Endoscopic Carpal Tunnel Release

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Endoscopic Carpal Tunnel Release
Endoscopic carpal tunnel release surgery is a very technical procedure designed to release a tight carpal tunnel and decompress the median nerve.

The median nerve, which supplies sensation to the thumb, index, middle, and a portion of the ring finger, as well as supplying the thumb muscles, becomes compressed at the wrist in Carpal Tunnel Syndrome (CTS). The endoscopic carpal tunnel release technique divides the transverse carpal ligament, which is the roof of the carpal tunnel. This enlarges the volume in the carpal tunnel and decompresses the median nerve, relieving pain and discomfort.

There are numerous causes of Carpal Tunnel Syndrome, and endoscopic carpal tunnel release treats carpal tunnel syndrome associated with nearly all of these causes. Endoscopic carpal tunnel release is indicated when carpal tunnel symptoms persist despite conservative treatment, or when the severity of symptoms present with loss of hand function. Routinely, nerve conduction tests are ordered to determine the extent of damage to the median nerve as well as rule out any other neurologic conditions which may mimic carpal tunnel syndrome.

About the Procedure
Endoscopic carpal tunnel release is performed as an outpatient procedure, generally under regional anesthesia. The procedure lasts less than 20 minutes. Once the anesthesia has taken effect, the arm is exsanguinated and a tourniquet elevated to allow for the procedure to be performed in a bloodless field. A target point is placed at the base of the ring finger and the wrist is marked proximal to the flexion crease, where the incision is to be made. A small incision is then made in the wrist crease, and the entire procedure is carried out through this small incision. The proximal portion of the carpal tunnel is exposed through this incision, and the endoscopic instrument is inserted into the carpal tunnel, viewing the undersurface of the transverse carpal ligament. While viewed on the video monitor, the transverse carpal ligament is then divided from distal to proximal. Once complete division of the ligament is confirmed, the skin is closed with a single subcuticular stitch and a soft dressing is applied to the hand.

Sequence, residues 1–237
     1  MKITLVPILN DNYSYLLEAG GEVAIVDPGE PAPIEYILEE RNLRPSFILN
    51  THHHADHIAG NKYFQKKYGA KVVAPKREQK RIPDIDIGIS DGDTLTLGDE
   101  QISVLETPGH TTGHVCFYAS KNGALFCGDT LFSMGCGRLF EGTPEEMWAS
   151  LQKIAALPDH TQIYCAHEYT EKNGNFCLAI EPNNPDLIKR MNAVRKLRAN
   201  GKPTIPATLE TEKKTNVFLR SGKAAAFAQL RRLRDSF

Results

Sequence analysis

Following Surgery
Patients are able to move their hand and wrist immediately after surgery, although they are instructed to avoid heavy grasping, pinching, or lifting for the first two weeks. This helps to prevent the tendons from pushing up against the median nerve and promote the healing of the transverse carpal ligament. Patients are instructed to keep their dressing intact and dry (don’t change it!) for five days. On the fifth day, the dressing can be removed and a Band-aide dressing applied to the incision. The first post-operative visit is scheduled ten to twelve days after surgery, at which point the single stitch is removed from the incision and patients are instructed in a home rehabilitation program of range of motion and stretching exercises.

A rehabilitation exercise program designed specifically for carpal tunnel is demonstrated at the first post-operative visit. Examples of these exercises are given to the patient in a handout for continued work at home. These exercises are key to a rapid and successful recovery. Occasionally, some patients may require formal therapy to improve their hand function.

For more information, or to contact Dr. Hildreth, please visit http://www.davidhildrethmd.com
OR-Live, Inc.